NFL – Throwback Thursday: The Juice Is Loose!

23 Dec

A pair of AFC East contenders square off for the second time in a month this Sunday on the NFL’s schedule – the New England Patriots and Buffalo Bills. Our Throwback Thursday feature this week highlights a game played between these 2 teams on opening day of the 1973 season. It was played at New England’s old Shaefer Stadium on September 16 of that year. Both clubs had shown promise in the 1972 season that they might be able to find the promised land of fielding winning teams in this new year. The Bills brought back their old coach from the AFL days, Lou Saban, in ’72 to try to salvage the career of young running back O.J. Simpson, who had languished in his first couple of seasons under coach John Rauch. Rauch came up with the foolish idea of using Simpson as a decoy instead of featuring his talent in the offensive scheme, and even toyed with the idea of switching him to wide receiver. Saban changed all that, building the club around Simpson’s talent to feature the running game. The Bills were also set to move out of their old stadium, the decrepit War Memorial Stadium, into their shiny new home, Rich Stadium.

The Patriots also entered the ’73 season with high hopes, as new coach Chuck Fairbanks attempted to improve the club with young quarterback Jim Plunkett being fortified with an influx of new talent that included Sam Cunningham, Darryl Stingley, John Hannah and Ray “Sugar Bear” Hamilton. That new talent paid immediate dividends as Cunningham scored the game’s first touchdown on a 7 yard run. The Pats missed the extra point, taking a 6-0 lead. It didn’t last long, as a portent of things to come was about to happen. The Bills took the field with a revamped offense designed to feature Simpson’s ability. Three draft picks became immediate starters. A pair of first rounders, Paul Seymour and Joe DeLamielleure, manned the tight end and guard spots, and Joe Ferguson took over for Dennis Shaw at quarterback. Seymour’s role was basically an extra tackle on the line to help Simpson, and when “The Juice” broke off an 80 yard touchdown run to give the Bills a 7-6 lead, Buffalo was off and literally running. Buffalo’s rebuilt line also added center Mike Montler in a trade to go with Reggie McKenzie, Donnie Green and Dave Foley, forming what would be nicknamed the “Electric Company” as they turned on “The Juice”. John Leypoldt added a field goal and Larry Watkins, O.J.’s backfield mate, scored on a 4 yard run to boost the Bills to a 17-6 lead before New England pulled to within 17-13 on a 10 yard Mack Herron run. Then Simpson scored again on a 22 yard scamper. Watkins again joined in the fun, rambling 15 yards to close out the scoring and give Buffalo a resounding 31-13 victory.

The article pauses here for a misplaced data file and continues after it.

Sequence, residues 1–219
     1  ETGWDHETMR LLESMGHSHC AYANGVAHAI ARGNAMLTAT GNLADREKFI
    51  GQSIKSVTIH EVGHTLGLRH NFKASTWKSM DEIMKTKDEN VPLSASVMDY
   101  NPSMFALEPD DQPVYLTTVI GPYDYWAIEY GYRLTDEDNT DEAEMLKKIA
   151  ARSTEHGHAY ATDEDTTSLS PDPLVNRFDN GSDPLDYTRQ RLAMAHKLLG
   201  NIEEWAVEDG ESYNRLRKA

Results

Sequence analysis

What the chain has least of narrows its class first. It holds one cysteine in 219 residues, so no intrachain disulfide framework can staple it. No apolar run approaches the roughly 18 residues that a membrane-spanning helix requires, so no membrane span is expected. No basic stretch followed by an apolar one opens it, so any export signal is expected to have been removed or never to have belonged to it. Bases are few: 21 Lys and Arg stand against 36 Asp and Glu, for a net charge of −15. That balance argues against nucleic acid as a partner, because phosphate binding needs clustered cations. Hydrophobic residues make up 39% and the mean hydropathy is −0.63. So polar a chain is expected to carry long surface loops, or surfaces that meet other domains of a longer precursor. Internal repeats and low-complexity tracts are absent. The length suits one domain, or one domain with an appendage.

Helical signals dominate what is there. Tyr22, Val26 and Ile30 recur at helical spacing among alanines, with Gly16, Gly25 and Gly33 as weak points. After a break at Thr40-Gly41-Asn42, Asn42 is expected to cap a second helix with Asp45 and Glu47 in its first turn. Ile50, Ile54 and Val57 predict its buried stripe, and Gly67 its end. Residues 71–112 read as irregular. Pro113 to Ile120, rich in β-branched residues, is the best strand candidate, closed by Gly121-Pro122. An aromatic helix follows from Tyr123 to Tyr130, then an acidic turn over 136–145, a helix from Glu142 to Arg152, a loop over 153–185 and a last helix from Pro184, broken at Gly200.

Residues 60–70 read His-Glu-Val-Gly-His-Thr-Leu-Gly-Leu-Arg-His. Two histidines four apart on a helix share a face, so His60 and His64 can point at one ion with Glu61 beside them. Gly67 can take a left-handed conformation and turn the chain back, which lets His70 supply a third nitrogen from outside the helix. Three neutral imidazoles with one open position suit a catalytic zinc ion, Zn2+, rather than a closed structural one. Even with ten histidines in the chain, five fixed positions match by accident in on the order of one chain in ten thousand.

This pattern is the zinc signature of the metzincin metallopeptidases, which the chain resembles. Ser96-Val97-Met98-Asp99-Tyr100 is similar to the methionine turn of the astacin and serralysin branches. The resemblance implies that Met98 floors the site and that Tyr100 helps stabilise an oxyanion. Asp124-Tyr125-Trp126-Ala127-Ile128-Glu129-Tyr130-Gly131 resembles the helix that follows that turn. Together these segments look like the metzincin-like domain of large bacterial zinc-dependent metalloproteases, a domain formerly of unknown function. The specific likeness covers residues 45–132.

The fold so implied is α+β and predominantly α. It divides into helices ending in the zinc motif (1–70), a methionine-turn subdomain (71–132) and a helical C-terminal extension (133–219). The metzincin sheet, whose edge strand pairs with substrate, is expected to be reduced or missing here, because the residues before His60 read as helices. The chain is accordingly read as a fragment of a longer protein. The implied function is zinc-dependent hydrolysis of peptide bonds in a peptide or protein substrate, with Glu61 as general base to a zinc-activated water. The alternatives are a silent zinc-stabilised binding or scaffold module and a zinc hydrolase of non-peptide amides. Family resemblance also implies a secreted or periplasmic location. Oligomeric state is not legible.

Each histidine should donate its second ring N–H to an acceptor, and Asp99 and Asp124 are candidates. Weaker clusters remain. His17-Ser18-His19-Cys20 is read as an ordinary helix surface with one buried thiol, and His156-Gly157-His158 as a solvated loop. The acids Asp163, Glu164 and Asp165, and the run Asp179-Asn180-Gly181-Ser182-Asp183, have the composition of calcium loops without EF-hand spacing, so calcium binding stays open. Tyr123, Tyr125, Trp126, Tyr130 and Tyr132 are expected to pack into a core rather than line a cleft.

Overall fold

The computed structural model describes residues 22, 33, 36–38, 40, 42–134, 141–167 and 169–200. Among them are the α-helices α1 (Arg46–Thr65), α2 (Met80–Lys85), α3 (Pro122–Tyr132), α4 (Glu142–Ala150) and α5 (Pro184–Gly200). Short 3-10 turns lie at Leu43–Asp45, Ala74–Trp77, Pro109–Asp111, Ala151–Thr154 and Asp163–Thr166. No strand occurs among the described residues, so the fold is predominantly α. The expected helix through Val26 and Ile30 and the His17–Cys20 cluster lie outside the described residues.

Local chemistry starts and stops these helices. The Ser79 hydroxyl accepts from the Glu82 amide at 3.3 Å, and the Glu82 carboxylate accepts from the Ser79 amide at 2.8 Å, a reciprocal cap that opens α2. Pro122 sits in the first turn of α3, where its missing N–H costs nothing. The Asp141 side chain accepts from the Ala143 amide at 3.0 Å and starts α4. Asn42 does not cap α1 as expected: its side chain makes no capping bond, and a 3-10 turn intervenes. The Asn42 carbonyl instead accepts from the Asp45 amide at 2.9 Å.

When the final gun sounded, Simpson had accumulated 250 yards rushing on 29 carries with his pair of touchdowns, setting a new single-game record for ground yards. Watkins added another 105 yards on 18 carries and his 2 TDs as the Bills racked up an impressive 360 yards on the ground in the game. Simpson’s performance wasn’t a one time deal. He would go on to break Jim Brown’s single season rushing yards record and become the first player in history to break the 2,000 yard barrier as he finished with 2,003 for the year. He is still the only back to achieve the feat in 14 games. Simpson’s personal life has turned tragic and he has frittered away any good will he may have earned in his playing days and broadcasting and acting careers afterwards, but he was a dynamic athlete at one time.



O.J. Simpson shredded the Pats for 250 yards on opening day




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